The Catholic Scouts also learn about important Palestinians, including Christian poet and nationalist Khalil Sakakini.

“He lived here in the Christian Quarter and had an effect on the Arabic language,” says Mr. Habash. “We can be like him and have an effect.”

George Antone, 41, is the sole person from his family of origin still living in Gaza. His retired parents and five siblings all left and live abroad.

As a Christian and the father of three girls, he sees the importance of remaining in Gaza and supporting the Christian community through his work, as well as through his social and spiritual activities. Currently, he is the director of the Caritas Medical Center and a lecturer at the Pontifical Mission Thomas Aquinas Center. Previously, he worked for Holy Family Latin Parish and CNEWA.

It is necessary “to explain why [Christians] should stay in Gaza as the salt in this land, and to ensure families their children are really having faith formation through their church,” he says.

George Antone directs the Caritas Medical Center in Gaza, which provides care for locals of all ages. (photo: George Jaraiseh)

“We as Christians living in the Gaza Strip might lose our lives, but we will never lose our faith,”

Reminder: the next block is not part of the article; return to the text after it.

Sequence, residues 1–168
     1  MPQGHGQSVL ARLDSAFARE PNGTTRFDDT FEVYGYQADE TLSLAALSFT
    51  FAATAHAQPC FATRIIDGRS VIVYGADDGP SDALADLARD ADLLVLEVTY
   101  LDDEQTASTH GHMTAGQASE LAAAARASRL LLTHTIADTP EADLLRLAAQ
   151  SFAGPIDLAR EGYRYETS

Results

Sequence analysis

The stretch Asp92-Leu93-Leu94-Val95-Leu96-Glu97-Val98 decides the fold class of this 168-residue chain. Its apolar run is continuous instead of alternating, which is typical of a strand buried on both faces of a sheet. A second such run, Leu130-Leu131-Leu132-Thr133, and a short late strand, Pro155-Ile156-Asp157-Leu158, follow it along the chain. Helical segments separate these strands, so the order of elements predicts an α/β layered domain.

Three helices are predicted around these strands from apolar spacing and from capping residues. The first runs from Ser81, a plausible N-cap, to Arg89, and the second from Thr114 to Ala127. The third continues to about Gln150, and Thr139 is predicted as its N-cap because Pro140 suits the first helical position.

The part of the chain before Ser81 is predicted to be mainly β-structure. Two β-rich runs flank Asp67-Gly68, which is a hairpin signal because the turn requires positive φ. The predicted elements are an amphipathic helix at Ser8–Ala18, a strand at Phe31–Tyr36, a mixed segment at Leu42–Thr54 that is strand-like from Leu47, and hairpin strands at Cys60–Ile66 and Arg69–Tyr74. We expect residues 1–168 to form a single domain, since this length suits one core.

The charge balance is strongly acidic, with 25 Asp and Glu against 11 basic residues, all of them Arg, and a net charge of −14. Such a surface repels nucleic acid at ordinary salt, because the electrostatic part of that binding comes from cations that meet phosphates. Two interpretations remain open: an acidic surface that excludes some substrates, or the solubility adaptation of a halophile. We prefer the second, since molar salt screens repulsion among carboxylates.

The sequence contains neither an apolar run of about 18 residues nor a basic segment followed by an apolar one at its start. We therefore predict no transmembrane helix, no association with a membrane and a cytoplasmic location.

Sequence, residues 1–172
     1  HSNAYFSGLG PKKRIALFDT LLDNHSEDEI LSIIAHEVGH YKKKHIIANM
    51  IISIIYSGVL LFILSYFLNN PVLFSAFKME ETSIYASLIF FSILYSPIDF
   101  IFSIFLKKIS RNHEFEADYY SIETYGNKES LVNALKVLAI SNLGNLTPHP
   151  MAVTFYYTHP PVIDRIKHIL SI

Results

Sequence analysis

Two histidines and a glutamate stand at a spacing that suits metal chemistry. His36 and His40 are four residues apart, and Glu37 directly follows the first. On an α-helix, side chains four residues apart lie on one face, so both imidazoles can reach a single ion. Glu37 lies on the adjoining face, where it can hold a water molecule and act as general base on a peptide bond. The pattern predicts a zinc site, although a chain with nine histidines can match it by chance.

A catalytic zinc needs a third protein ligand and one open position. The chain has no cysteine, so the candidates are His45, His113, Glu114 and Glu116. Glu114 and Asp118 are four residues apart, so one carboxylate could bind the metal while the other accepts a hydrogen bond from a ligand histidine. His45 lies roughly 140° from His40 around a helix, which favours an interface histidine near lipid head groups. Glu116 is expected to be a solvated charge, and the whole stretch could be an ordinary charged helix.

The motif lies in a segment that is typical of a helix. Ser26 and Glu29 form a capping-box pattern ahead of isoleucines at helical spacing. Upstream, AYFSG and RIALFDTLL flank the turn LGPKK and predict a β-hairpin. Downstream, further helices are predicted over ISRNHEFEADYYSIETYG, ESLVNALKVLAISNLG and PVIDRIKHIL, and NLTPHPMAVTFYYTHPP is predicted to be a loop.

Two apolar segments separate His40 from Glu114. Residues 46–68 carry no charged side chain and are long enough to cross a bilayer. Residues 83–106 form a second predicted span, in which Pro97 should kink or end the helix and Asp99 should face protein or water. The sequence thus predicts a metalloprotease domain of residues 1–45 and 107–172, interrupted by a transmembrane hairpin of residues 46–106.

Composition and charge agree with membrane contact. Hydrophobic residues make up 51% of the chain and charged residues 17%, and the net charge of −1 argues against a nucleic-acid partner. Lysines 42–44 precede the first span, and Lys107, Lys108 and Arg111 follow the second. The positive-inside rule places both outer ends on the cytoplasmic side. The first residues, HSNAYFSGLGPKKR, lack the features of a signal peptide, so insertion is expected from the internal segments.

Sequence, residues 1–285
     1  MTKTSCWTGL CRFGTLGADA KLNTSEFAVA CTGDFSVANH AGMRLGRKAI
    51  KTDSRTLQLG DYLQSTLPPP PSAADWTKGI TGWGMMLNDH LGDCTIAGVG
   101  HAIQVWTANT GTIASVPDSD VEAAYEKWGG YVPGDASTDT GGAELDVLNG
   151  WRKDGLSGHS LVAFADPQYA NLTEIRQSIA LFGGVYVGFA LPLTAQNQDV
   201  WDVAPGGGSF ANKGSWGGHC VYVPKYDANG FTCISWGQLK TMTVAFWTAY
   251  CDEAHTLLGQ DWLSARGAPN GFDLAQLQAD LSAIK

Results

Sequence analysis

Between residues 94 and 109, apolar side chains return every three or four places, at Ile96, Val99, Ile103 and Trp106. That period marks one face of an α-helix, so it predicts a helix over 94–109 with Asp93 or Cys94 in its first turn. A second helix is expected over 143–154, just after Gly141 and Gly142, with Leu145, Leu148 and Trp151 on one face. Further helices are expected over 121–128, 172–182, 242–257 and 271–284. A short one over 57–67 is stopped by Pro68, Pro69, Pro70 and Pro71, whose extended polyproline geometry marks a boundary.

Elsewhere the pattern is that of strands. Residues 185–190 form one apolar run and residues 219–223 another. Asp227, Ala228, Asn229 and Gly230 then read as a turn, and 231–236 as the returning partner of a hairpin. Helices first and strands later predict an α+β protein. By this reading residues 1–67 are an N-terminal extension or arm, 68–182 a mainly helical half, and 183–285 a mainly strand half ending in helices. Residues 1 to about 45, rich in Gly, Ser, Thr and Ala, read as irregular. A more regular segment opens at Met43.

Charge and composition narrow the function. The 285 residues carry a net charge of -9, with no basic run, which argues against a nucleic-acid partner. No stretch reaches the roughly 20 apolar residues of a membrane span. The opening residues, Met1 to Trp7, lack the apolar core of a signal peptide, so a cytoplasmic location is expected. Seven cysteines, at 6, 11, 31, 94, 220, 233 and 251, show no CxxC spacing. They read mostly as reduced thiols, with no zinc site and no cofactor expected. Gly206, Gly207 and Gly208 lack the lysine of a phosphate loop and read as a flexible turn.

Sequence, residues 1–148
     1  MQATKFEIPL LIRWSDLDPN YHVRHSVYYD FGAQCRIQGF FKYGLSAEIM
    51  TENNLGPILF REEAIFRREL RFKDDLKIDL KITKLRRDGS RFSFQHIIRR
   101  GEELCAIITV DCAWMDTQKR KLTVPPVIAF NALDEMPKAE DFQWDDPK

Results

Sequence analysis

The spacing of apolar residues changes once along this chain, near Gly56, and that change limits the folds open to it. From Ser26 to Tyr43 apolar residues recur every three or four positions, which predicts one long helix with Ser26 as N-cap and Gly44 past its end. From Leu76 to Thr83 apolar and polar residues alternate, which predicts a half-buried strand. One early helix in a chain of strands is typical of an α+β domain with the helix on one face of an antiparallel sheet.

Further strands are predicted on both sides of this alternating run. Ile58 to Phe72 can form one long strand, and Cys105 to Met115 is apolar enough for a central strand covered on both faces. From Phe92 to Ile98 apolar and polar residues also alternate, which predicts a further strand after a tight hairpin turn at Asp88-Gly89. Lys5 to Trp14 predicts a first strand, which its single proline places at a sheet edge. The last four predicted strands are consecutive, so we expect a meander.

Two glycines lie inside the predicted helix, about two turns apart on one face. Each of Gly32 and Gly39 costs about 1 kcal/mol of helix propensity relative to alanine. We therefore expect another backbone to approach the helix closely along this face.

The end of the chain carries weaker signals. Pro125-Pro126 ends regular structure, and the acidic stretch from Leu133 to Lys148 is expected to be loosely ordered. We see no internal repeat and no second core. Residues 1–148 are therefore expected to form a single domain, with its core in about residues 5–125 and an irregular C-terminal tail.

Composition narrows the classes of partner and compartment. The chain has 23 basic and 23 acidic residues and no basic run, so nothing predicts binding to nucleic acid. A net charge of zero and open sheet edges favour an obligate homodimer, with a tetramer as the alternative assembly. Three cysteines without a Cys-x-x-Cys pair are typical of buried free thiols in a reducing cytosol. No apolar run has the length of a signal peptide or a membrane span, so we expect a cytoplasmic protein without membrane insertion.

he continues. “Catholic institutions in general and CNEWA-Pontifical Mission in particular are
[providing] many projects to strengthen our existence in Gaza, strengthening our identity and sense of belonging among the youth. We are the salt that helps the whole community, Christians and Muslims together.”

Nadine Bitar-Abu Sahlia, 32, was recently elected general secretary of The Youth of Jesus’ Homeland, a project of Christian Youth in Palestine, sponsored by the Latin Patriarchate of Jerusalem.

Ms. Bitar-Abu Sahlia plays a leading role in strengthening the spiritual life of young Christians in the Holy Land, under the chaplaincy of the Reverend Bashar Fawadleh. CNEWA supports the group, which also works to foster commitment to the church among young people.

“Youth ministry comes to fill this important longing of our youth to hear the Word of God,” she says at the start of a summer camp session for young adult Christians on Star Mountain, near the West Bank city of Ramallah.